There has been much progress made in the past year in the area of ethics reform in D.C. government. That progress includes the passing of three charter amendments in the most recent election.
One amendment allows the D.C. City Council to expel a member for "gross misconduct." The other two amendments require the mayor or a city council member to resign their office if convicted of a felony while in office. These two amendments would bar the mayor and council member from holding office in the future. If you feel that D.C. deserves the most trustworthy representation, than you have to feel pretty good about the passage of these amendments.
However, 22 percent of the people who voted on the amendments that addressed the felonious acts by a mayor or council member voted against the measures. I just can't figure that out. 22 percent of the people who voted want convicted felons to continue to serve on the council or be its mayor? How can you defend that position?
The people who voted against the adoption of these amendments are part of the problem. Maybe they don't feel they deserve trusted, ethical representation. Thankfully, they are in the minority.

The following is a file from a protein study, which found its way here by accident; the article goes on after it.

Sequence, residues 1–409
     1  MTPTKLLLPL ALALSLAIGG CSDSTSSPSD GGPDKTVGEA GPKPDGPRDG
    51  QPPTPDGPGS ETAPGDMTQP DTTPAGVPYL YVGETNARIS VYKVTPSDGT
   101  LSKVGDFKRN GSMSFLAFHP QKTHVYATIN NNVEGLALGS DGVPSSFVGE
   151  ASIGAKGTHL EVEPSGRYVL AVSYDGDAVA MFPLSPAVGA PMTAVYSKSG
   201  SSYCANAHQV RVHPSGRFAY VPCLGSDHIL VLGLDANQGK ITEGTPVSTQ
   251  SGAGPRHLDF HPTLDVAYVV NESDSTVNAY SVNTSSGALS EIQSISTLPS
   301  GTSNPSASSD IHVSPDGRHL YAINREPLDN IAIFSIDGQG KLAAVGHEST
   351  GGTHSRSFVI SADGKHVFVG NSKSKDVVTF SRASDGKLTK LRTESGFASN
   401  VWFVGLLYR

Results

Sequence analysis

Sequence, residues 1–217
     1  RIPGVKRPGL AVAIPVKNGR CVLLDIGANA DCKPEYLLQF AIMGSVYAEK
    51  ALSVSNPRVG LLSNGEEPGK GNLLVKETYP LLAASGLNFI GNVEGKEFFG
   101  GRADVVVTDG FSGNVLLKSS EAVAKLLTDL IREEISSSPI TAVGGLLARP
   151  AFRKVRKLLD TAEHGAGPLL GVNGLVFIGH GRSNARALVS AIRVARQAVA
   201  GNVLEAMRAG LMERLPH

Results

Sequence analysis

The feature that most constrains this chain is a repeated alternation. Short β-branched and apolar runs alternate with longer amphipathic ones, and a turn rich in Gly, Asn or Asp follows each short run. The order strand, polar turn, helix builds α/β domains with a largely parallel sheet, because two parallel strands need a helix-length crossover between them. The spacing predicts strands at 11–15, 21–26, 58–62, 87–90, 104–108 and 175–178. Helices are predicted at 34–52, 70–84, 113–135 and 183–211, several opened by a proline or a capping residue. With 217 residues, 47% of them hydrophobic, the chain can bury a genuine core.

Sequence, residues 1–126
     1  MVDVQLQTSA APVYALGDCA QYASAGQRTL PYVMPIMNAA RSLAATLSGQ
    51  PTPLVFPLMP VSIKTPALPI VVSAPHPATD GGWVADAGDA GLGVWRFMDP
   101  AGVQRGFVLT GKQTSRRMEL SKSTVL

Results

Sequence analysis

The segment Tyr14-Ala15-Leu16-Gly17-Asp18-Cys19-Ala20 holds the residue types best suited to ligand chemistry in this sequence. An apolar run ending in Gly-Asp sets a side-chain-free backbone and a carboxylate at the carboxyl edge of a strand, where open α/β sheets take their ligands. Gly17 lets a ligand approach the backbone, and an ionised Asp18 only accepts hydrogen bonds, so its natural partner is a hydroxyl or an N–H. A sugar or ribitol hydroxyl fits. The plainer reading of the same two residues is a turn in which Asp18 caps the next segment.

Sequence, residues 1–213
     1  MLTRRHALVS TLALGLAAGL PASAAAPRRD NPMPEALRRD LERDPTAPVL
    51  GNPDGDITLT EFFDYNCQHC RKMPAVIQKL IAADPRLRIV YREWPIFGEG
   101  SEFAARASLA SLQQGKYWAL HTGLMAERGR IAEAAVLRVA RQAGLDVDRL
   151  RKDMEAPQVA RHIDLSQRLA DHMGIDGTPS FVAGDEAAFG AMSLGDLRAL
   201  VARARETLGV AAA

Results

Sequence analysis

Even with the passage of these three amendments, there is more work to be done. What these amendments do not address is the possibility that a mayor or council member can run for re-election if they resign before they are convicted of or plead guilty to a felony can run for re-election.
For example, Harry Thomas, Jr. and Kwame Brown are eligible to run for the council because they resigned before their convictions were handed down.
The City Council must close the door on this possibility quickly and tightly by re-introducing legislation that bars anyone convicted of a felony, whether in office or out, from serving on the council or as its mayor. This must be done in time for the revised amendment to be placed on the ballot for the special election to be held, most likely, in the spring. Because it appears, given the vote tallies for the three amendments, there are some out there who think electing felons is perfectly fine when it is clearly perfectly wrong.
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